Final Seminar: Nhat Strøm-Andersen
Thesis title: Transition in the making: How to create value and achieve a sustainable food processing: A case study of Norwegian food industry in the transition towards the bioeconomy.
Nhat Strøm-Andersen is a Ph.d Research Fellow at TIK Centre for Technology, Innovation, and Culture. This seminar marks her final evaluation prior to submission of her dissertation.
Departing from a very fundamental question: how (un)sustainable is the current food system, my Ph.D. project explored the transition towards the bioeconomy by presenting an empirical analysis of the Norwegian food processing industry. More specifically, I looked into the food processing firms, studied actual and potential value chains, and identified sustainable pathways of valorizing bio-based resources such as by-products, organic wastes, rest raw materials, and side streams. The thesis brought the meat and dairy sector in focus as the incumbent firms in these two sectors play an important role in the Norwegian food processing industry. The thesis examined why, how, and under what condition(s) the Norwegian food processing firms are likely to innovate with respect to the utilization of bio-based resources. The study tackled three main objectives:
- studying food wastes, by-products valorization along value chains
- identifying actors and networks involved, and
- assessing regulatory frameworks that influence the food waste management issue
In other words, the study investigates the role of a dynamic interplay between technological innovation, strategy, and policy in the food industry under the context of the bioeconomy.
The thesis explored what types of external pressures (local and global) exerted, and what innovation opportunities existed, which could make an impact on incumbent firms’ behaviors and decisions for by-product valorization. These pressures included: (i) an import ban that greatly affected the rest raw materials markets, (ii) the change of regulation, and (iii) emerging technological opportunities. The thesis explained why incumbents decided on which innovation paths to adopt and what strategies they practiced to pursue such paths by mobilizing different dynamic capabilities. Further, the thesis looked deeper into the innovation process of how incumbent firms innovate by doing a comparative case study on a meat and a dairy firm. It studied the incumbents’ absorptive capacity: how they mobilize external knowledge and apply it to realize the innovation strategies they had set out and the process of learning—exploratory, transformative, and exploitative. The study highlighted the importance of inter-industry learning and research collaboration. Moreover, the thesis explored the regulatory frameworks that influence the food waste management issue and discussed a need for ‘multi-level governance’ of food waste. In particular, it studied “industry self-regulation” and explained why incumbent food firms support a voluntary industry agreement on food waste reduction, and what motivated them to do so. An eclectic combination of causes and mechanisms including the “shadow of hierarchy”, social pressures, and “logic of appropriateness” lee to the industry agreement (in the form of industry self-regulation). The thesis shed light on understanding the current situation the Norwegian food processing industry was in, why they had to change, what change they made and how they did it. Overall, the thesis showed a strong interconnection between technological opportunities, policy, and firms’ strategies during the transition towards a sustainable bioeconomy.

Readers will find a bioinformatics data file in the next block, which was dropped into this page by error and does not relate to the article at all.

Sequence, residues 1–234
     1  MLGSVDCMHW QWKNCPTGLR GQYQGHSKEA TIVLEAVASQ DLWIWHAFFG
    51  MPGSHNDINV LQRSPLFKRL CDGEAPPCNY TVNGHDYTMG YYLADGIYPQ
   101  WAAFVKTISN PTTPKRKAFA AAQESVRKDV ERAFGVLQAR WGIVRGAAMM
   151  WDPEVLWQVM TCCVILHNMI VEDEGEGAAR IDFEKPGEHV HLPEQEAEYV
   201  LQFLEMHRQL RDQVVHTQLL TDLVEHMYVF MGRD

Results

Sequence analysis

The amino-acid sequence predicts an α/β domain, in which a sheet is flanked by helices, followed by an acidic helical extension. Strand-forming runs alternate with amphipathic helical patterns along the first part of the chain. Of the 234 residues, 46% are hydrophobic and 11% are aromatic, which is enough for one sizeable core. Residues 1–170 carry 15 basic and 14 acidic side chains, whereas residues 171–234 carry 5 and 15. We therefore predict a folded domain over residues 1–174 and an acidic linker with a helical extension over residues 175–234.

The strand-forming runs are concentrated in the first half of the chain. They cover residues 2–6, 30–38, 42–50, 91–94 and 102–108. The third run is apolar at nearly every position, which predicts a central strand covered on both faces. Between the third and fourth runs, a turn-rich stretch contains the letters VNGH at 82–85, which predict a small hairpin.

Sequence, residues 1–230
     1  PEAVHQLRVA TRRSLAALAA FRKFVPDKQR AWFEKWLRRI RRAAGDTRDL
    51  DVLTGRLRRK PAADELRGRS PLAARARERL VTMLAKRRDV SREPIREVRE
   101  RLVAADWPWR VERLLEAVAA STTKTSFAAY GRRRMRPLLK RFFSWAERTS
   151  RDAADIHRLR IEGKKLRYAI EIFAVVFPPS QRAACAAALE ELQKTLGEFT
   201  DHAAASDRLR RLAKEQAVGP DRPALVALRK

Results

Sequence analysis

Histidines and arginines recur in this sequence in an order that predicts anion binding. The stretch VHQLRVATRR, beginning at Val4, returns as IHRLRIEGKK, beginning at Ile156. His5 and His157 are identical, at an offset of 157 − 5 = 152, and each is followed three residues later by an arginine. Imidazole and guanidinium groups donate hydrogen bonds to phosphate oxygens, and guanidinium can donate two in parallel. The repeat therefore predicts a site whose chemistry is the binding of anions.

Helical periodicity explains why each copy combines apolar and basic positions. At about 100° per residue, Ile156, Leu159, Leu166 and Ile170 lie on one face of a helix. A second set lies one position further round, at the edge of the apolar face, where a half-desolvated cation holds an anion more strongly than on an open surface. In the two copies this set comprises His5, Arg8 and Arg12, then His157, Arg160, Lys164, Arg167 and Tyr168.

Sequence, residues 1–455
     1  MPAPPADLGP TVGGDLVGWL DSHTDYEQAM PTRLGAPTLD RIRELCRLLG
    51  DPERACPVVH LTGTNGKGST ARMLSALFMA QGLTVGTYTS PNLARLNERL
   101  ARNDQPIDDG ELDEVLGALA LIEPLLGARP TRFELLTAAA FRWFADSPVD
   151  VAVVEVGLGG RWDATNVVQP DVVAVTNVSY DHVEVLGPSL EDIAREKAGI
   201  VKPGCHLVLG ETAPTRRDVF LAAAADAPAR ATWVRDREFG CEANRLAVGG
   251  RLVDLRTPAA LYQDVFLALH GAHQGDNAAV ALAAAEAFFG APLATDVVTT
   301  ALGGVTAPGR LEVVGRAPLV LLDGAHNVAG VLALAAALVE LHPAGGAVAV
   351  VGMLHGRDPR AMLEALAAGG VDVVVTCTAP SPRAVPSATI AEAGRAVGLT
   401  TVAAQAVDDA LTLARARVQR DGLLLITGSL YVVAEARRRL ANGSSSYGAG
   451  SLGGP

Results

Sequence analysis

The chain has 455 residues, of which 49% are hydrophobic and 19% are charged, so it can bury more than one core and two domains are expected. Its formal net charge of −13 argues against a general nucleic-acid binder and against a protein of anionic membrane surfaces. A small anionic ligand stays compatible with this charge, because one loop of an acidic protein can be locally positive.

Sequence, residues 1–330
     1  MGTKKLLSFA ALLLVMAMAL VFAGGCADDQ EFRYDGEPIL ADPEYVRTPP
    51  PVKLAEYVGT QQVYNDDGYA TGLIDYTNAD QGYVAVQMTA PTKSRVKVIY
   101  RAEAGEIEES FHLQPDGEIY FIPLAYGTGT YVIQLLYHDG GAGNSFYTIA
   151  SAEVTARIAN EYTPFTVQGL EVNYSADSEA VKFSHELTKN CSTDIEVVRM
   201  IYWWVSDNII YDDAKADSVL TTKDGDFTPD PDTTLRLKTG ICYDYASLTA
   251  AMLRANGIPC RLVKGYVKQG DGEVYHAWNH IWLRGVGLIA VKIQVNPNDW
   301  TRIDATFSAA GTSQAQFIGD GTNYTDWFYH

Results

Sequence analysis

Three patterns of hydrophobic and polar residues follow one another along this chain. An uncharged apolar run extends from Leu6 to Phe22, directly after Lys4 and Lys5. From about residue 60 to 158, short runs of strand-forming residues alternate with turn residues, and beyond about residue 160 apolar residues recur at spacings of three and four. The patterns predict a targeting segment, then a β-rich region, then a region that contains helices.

This thesis noted three aspects of the situation of the food industry in the transition towards a sustainable bioeconomy that policymakers should address: (i) Support public funding to reduce the gap between R&D and commercialization, (ii) create a common platform and network to connect actors, and (iii) provide timely new policies, new supportive guidance, and regulations.
- Fulvio Castellacci, TIK
- Markus Bugge, TIK
- Markus Steen, TIK
The manuscript is available upon request. Please contact Lene Angelskår.